The mystery-thriller genre in Nigeria has got a new pacesetter. Lightseekers indulge in our mundane Nigerianness- think of strikes, cultism, and revenge- to create a breathtaking plot and dopamine accentuating pace.
Femi Kayode’s characters are Nigerians in their totality, except perhaps John Paul, whose characterization is a suppressed characterization in African fiction. Kayode knows this limitation, and he uses the classic American mystery template to build an in-depth, almost relatable villain. But he doesn’t stop there, he makes us realize that a character like John Paul is often on the sidelines. “There will always be a Tamuno (John Paul) around us. You see it everywhere. Politicians. Businessmen. People who prey on our fear of each other for their selfish gains.” But they all do it in subtle, harmful yet praised ways.
The character of Beatrice falls in the field of more conveniently formed than realistically possible. It makes you wonder what the likelihood is of Dr Taiwo meeting a woman who has 5-star accommodations for him, knows everyone in the village, and can easily be a romantic figure. It was too stereotypical. However, her legal ‘betrayal’ punctured a hole in her stereotypical caricature.
Kayode’s plot stand tall, and he plays the Agatha Christy game card of revealing our culprit early on, but in an off-handed by-pass. The intrigue hardens when the President of a national bank is ready to commit murder just to attack his grief. And avenge his son whose innocence is unbalanced.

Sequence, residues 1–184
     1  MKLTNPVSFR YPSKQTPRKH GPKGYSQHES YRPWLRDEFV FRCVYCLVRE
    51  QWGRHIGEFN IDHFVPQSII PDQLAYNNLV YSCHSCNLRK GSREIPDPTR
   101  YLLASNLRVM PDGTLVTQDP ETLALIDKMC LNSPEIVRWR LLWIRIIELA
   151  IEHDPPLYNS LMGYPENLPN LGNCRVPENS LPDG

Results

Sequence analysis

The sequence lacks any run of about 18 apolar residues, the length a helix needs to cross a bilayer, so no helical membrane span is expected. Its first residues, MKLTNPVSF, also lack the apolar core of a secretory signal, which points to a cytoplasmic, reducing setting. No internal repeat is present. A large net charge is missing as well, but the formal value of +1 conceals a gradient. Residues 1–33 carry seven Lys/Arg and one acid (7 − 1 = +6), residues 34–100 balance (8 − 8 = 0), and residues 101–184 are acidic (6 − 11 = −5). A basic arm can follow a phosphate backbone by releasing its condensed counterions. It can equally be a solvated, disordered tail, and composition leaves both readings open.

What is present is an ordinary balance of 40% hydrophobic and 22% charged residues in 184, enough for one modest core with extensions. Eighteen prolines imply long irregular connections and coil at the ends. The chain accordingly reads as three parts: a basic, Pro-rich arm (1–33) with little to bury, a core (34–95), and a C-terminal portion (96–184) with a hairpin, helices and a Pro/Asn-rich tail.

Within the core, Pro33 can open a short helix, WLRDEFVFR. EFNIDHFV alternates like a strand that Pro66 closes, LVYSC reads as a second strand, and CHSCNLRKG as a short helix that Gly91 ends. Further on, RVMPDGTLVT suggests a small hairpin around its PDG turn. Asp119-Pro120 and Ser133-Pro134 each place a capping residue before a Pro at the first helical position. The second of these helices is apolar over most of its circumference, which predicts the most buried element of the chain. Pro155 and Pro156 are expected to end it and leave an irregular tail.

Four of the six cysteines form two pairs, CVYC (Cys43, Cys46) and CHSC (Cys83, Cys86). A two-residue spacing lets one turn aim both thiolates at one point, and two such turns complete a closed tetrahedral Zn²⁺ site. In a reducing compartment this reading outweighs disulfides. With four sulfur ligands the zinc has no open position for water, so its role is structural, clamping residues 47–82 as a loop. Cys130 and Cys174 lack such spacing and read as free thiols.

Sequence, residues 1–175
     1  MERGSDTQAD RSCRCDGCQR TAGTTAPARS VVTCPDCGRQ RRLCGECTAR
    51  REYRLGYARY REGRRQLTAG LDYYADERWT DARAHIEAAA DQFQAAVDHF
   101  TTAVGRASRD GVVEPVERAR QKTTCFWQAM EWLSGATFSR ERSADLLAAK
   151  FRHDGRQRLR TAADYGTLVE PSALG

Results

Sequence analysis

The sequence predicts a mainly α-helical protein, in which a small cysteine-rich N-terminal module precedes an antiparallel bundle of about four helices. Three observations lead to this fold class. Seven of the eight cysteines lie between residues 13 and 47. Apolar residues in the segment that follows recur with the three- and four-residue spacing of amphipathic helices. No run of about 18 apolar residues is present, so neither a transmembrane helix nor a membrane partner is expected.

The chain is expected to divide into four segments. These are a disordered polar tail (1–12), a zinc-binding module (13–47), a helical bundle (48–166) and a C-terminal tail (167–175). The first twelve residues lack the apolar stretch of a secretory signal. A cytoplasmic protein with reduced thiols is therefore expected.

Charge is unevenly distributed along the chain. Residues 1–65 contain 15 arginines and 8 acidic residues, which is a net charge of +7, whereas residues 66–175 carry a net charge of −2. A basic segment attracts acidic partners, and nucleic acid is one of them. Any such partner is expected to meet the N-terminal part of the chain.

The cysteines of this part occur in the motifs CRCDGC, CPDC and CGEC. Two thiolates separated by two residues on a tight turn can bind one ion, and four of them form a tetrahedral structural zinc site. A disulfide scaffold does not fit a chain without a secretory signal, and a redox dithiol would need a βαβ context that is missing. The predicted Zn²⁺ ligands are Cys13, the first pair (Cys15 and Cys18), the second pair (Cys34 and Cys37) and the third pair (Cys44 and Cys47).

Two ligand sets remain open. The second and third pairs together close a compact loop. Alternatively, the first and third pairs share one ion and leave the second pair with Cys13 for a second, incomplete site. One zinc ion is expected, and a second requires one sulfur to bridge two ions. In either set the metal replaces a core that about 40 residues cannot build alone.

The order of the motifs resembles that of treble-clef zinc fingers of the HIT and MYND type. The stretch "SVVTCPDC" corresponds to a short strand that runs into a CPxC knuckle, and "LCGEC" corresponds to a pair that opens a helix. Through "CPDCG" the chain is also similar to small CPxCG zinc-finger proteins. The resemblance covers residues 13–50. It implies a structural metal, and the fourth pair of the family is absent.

Femi Kayode vistas into the Nigerian University life and the beneficial but uncomfortable symbiosis with their native environment. ‘Look around my town, Dr Taiwo,’ The Chief uses his walking stick to sweep the air in an arc. ‘How many youths do you see from here going to that university? How many people from this town have access to the teaching hospital without paying plenty of money? The list goes on. What has that university brought us but discontent?’
‘But you said it brought the money?’
The Chief breathed deeply. ‘Money only breeds a desire for more money. Nothing more.’
At junctures, where our dopamine might seem to be reaching intensive suspense dosage. The author puts a bit of normalcy and questions to make us back off and see the big picture. He insists with his pace that this town ‘knows who kill these three students, but it is why we should worry ourselves about.’
Ultimately, this novel takes a piece of the fabric of Nigeria that concerns youths. It weaves it in pages lacking in historical proverbs or usual African folktales, a narrative that says even the contemporary Nigeria is in as much danger as when the colonialists came to power. In a way, it is an exorcism of some sort to strip crime naked and point out the havoc it is creating.
To say the truth when lights reveal some of our secrets, like Chika’s cultist background or the darkness in Emeka. We might want to tell the light seekers. ‘Off the Mic.’ But we must remember what Beatrice says, ‘My mother’s people are not bad people,’ she says, looking down at me. ‘They’re not good either. They are just humans. What they did is inexcusable in a world that makes sense. But you’ve been here long enough to see that very little makes sense in this part of the world. And though it is not an excuse, it is the reality of what happens.’
Should you read Lightseekers?
Yes, LightSeekers is an organismic brain satisfier. You wouldn’t be able to put it down.
ABOUT THE AUTHOR
Femi Kayode trained as a clinical psychologist in Nigeria, before starting a career in advertising. He has created and written several primetime TV shows and recently graduated with a distinction from the University of East Anglia Creative Writing program. He lives in Windhoek, Namibia, with his wife and two sons.